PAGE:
Agencies are fuming over the latest ratings crisis at ITV, Alasdair Reid
Marcus Plantin, ITV’s network programming chief, must be learning to
associate summer with a horrible sinking feeling. The annual ITV ratings
crisis is almost an institution these days - despite repeated warnings
that agencies and advertisers are no longer prepared to put up with it.
Advertisers gave Plantin such a roasting last summer that they assumed
he’d try a little harder this year. But ratings figures released during
May, showed that ITV’s share of viewing had slumped to its lowest level
in four years. The response has been thoroughly predictable - ITV is
upping its budget to buy more movies and is promising once again to take
a fresh look at its dismal peak Saturday evening offerings.
Last year, Plantin said that the days of quick fixes were over. The
network was going to take a more considered view, bringing on home-grown
talent and investing in more long-term winners. But, at pounds 587
million, ITV’s programme budget for this year far exceeds any of its
rivals, yet appears to offer less value for money.
What has happened to Plantin’s good intentions and what does he need to
try now? Is it time that the network took a more radical look at the
programming expertise at its disposal?
One of the main reasons for poor performance - largely at peak and late
peak times across the whole week - is that ITV drama is under-achieving,
with the main beneficiary being BBC2.
‘ITV has to realise that some of the old favourite dramas have limited
shelf lives and should be axed when their popularity tails off. Running
another series with increased promotion doesn’t work,’ David Connolly,
the joint media director at Leo Burnett, says.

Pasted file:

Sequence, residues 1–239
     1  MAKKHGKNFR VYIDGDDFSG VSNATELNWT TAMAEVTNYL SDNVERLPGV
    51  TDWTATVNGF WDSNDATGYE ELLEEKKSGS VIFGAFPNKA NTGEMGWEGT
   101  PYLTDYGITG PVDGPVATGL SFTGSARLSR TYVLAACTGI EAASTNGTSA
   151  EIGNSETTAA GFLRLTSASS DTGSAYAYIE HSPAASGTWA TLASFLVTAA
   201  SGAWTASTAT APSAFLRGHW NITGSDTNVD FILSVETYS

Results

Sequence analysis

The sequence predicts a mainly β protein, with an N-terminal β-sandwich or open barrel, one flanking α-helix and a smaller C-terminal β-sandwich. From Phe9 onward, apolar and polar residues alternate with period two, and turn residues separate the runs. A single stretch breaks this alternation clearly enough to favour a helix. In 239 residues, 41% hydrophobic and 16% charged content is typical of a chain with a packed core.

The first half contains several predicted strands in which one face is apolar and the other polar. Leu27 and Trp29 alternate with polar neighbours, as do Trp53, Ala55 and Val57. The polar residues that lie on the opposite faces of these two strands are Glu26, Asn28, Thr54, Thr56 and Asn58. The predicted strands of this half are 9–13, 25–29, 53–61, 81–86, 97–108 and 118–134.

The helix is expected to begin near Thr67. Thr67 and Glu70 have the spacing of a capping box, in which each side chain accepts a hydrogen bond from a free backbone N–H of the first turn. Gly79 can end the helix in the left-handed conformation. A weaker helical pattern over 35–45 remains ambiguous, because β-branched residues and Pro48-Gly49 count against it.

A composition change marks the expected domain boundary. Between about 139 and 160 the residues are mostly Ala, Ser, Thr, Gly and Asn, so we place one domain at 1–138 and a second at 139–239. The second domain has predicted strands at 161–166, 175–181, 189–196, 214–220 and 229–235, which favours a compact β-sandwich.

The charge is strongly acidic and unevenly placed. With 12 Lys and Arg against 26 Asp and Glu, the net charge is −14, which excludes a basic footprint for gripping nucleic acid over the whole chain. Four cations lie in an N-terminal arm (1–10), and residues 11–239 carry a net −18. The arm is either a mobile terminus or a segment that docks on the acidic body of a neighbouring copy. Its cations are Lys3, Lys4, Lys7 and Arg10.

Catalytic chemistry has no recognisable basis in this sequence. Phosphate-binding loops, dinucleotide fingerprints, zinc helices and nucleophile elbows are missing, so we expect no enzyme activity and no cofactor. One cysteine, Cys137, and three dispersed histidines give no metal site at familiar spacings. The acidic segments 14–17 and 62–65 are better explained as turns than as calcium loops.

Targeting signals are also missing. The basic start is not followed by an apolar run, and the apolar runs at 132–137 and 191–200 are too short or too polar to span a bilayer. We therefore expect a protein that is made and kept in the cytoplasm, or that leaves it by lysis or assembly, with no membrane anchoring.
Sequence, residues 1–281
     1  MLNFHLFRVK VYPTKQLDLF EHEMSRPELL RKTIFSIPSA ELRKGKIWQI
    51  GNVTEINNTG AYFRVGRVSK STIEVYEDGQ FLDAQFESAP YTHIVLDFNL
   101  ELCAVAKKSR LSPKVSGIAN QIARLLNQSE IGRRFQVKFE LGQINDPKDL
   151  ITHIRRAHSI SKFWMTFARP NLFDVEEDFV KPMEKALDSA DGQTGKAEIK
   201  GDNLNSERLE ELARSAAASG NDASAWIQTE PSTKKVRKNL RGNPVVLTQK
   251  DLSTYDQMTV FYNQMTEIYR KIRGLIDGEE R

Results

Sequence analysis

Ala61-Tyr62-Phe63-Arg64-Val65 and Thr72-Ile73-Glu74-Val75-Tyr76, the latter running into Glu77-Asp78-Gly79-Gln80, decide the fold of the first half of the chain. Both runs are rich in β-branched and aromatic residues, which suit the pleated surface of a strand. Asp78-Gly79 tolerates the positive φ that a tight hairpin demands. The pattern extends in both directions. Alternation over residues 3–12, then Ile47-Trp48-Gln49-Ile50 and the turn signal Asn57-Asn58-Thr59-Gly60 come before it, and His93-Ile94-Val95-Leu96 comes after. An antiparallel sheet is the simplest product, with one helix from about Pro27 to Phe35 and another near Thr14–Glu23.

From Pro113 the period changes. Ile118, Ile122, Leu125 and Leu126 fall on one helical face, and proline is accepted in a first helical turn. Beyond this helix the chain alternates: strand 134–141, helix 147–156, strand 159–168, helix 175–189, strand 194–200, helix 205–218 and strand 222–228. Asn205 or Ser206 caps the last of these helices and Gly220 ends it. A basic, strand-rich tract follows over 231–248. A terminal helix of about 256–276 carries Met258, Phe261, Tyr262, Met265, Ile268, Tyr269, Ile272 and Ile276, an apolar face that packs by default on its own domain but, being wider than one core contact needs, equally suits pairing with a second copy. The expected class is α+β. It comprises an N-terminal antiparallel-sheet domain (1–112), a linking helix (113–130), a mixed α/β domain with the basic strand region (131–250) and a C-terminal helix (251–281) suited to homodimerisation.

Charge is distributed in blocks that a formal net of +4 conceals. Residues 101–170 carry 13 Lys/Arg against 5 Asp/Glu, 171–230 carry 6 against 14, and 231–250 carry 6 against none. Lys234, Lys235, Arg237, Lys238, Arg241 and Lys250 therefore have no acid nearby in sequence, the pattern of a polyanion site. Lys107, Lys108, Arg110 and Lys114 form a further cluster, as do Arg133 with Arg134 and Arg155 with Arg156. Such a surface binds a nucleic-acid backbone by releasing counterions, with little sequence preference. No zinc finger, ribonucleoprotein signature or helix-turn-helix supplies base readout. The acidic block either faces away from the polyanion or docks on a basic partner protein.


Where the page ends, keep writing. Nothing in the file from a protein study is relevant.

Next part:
He adds: ‘The network has assets in its stars that should be developed
further. Where are the new vehicles for Robbie Coltrane, Kevin Whatley
and Nick Berry? The network has also run good one-off pilot dramas it
hasn’t followed up on. It desperately needs some variety too - almost
all its big guns are in-your-face, gung-ho, fire, murder, violence and
horror. It needs to think along the lines of the Darling Buds of May a
bit more often.’
Connolly doesn’t think that movies are the answer. After all, ITV is
already losing viewers to BSkyB. But he believes ITV can learn a few
tricks from Sky. ‘Sky steals a lot of stuff from other channels - look
what it has taken from ITV in terms of sport. Why can’t ITV start doing
the same to BBC2? It has to learn to play a little dirtier,’ he says.
ITV has frittered away an embarrassment of riches in recent years, not
just high profile own goals like the loss of one of its more inspired
creations, Men Behaving Badly, to the BBC, but in terms of personnel
David Cuff, the broadcast director of Initiative Media, argues that this
is just part of the natural cycle of things within the TV industry.
‘Perhaps when you have a good run, as ITV had on the drama side until
fairly recently, you start to become a little too complacent,’ he says.
‘But it’s also hard to know when the old favourites will tire. BBC2 has
also been scheduling very aggressively.’
Others are less sympathetic. As one senior media specialist puts it:
‘Plantin is lucky that this is happening when other factors mean that it
has been a relatively cheap month in airtime terms.
Individual parts of ITV are not happy with the Network Centre at present
- with good reason.
They are all so precious down there. This is not a precious business.
‘The Network Centre is so removed from the reality of the game that it
may as well relocate to the Outer Hebrides. It may well come to that.’